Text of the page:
One of the more common questions I receive is whether or not a retirement annuity (RA) makes sense, especially for a self-employed person who is not a member of a company retirement fund.
The benefit is that your contribution to an RA is taxfree up to 15% of your income – assuming you do not contribute to a company pension or provident fund already. This amount will be raised to 27.5% on March 1. There is also no tax paid on dividends, interest or capital growth.
A big plus for business owners is that an RA is completely protected from creditors. It is the one asset your creditors cannot touch – not even the SA Revenue Service. This means that even if your business fails, your creditors cannot touch your retirement provision.
The drawback of an RA is that investment restrictions apply to ensure the savings are used for the intended retirement purpose: You can only have up to 75% invested in equities; You can only access your retirement annuity at retirement age (55 is the earliest you can select); and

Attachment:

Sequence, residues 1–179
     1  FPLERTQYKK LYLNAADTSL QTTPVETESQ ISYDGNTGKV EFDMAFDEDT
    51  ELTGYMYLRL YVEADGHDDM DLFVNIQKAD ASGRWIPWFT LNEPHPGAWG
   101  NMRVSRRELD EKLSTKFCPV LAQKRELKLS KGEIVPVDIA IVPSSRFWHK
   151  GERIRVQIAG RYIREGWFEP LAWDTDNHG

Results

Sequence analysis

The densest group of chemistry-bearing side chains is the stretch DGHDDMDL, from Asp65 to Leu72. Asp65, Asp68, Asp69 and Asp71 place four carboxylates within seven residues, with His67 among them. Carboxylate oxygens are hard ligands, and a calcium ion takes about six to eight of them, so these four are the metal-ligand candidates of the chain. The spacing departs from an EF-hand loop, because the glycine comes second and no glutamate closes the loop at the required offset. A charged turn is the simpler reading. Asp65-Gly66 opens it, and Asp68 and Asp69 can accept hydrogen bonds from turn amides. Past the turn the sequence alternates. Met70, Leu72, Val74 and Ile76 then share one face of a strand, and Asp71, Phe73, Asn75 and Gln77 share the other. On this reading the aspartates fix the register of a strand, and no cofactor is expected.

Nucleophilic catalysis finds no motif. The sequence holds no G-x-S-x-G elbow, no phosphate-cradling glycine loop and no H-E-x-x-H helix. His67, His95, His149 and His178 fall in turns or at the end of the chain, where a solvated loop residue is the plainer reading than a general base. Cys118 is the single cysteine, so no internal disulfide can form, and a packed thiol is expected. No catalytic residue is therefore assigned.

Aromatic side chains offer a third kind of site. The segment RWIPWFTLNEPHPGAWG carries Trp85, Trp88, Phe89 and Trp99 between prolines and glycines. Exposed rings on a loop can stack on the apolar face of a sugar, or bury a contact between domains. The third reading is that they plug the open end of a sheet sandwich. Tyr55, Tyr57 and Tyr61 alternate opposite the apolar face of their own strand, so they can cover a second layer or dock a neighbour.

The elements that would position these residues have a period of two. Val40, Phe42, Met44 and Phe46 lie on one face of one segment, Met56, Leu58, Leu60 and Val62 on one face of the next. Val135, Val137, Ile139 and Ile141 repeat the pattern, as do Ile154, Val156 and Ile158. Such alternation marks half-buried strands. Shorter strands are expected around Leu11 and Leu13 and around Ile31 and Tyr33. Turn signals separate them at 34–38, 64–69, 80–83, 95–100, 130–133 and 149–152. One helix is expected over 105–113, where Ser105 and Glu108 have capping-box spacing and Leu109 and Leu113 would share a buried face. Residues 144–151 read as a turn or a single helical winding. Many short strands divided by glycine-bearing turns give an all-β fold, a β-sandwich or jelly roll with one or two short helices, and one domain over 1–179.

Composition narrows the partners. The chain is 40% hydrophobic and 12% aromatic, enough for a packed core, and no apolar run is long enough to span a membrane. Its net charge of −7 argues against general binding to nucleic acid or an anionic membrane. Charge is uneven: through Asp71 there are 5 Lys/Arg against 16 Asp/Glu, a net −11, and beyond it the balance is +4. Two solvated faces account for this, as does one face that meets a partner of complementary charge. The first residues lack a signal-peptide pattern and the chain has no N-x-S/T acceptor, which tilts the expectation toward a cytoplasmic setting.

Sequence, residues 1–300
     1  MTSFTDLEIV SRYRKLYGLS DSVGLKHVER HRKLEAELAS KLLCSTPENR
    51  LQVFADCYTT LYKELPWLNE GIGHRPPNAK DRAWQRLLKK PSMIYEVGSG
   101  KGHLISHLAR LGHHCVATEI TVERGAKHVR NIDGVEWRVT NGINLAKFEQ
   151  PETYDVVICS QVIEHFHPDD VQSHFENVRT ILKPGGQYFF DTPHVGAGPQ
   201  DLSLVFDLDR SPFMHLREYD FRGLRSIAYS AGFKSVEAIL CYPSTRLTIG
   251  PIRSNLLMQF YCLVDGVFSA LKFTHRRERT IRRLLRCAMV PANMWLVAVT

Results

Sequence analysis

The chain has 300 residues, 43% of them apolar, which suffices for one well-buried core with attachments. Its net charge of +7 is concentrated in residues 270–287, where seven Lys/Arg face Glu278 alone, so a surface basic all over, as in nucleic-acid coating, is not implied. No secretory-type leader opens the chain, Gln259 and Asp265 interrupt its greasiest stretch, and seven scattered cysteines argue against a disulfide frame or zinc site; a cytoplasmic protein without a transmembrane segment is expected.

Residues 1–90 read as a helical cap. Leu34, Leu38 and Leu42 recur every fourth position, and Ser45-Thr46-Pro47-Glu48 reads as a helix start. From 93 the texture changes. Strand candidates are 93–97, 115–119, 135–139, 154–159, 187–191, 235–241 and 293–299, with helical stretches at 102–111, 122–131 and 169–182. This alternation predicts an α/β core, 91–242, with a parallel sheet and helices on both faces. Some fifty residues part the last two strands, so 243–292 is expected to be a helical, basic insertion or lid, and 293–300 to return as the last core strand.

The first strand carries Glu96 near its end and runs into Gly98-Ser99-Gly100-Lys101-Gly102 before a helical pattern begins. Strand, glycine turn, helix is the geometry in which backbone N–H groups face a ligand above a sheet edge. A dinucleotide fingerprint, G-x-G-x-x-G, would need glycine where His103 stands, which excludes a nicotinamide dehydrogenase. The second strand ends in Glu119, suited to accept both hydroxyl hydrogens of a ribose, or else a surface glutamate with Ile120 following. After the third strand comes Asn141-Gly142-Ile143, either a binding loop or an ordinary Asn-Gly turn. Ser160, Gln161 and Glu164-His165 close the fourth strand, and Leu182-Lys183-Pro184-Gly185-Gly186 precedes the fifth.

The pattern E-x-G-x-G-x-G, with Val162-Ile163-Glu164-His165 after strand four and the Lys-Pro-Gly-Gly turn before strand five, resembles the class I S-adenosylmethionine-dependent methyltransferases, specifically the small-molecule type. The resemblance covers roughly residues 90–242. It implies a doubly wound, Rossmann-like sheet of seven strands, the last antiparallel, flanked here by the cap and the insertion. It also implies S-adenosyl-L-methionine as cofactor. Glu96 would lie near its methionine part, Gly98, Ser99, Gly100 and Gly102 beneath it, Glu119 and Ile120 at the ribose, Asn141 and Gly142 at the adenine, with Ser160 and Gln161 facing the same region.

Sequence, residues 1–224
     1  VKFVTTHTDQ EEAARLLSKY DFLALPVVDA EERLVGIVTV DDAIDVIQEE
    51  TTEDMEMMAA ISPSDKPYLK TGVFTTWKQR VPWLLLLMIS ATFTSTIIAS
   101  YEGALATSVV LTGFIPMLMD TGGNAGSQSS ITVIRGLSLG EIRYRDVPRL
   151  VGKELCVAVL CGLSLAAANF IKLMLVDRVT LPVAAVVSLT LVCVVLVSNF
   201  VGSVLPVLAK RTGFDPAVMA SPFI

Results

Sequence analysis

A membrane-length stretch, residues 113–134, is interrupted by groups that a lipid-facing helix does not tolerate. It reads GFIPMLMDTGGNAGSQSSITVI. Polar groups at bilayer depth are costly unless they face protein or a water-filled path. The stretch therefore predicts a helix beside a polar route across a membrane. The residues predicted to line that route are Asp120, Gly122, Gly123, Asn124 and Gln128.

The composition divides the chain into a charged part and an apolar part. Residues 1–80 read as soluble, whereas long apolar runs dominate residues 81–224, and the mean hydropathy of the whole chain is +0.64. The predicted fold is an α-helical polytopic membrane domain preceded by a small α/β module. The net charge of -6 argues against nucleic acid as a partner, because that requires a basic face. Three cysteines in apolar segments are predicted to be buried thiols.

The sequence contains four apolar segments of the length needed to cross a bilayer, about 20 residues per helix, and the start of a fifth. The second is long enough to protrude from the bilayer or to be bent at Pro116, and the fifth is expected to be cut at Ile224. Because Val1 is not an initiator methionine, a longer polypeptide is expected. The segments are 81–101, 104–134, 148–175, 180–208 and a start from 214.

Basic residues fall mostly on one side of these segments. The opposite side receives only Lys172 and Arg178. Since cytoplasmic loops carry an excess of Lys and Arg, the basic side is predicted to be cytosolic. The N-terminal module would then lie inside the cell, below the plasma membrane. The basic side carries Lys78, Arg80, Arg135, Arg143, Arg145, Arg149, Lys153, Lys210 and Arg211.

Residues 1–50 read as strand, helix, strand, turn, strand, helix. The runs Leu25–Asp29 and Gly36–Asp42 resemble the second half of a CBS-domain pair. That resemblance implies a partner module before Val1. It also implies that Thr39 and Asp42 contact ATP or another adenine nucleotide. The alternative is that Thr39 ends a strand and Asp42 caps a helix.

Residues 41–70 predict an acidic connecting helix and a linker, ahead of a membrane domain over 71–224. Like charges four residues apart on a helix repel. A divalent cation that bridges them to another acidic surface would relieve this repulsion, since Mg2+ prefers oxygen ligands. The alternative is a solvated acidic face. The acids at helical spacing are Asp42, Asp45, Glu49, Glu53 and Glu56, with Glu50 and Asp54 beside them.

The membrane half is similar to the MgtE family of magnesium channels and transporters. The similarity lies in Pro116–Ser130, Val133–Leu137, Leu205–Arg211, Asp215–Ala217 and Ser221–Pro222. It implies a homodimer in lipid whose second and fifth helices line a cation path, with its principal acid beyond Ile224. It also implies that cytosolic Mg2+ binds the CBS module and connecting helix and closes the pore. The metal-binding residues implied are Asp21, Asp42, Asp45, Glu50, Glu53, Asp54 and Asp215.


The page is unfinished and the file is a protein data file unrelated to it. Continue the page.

You have to invest two-thirds into an annuity to provide you with an income in retirement, and this income is taxable.
In a unit trust or share portfolio, one would have full flexibility and, although you would not receive the tax benefit on the contributions or on the growth of the fund, in retirement you do not pay income tax on your withdrawals (although capital gains tax would apply). This investment would not be protected from creditors.
Research by Rowan Burger, managing executive: large corporate segment at Momentum, shows that over a 35year period, the tax benefit of contributing to an RA versus a discretionary investment for a high-income earner increases your income in retirement by a massive 67% – even taking income tax into account.
Lymp sym on retirement
30 40 50 65
R500 000 R814 447 R1 326 649 R2 758 008
RA Post-tax contridytion
R75 000 R122 167 R198 997 R413 710
RA Fyng valye year-eng
R78 624 R1 788 115 R7 179 395 R38 710 900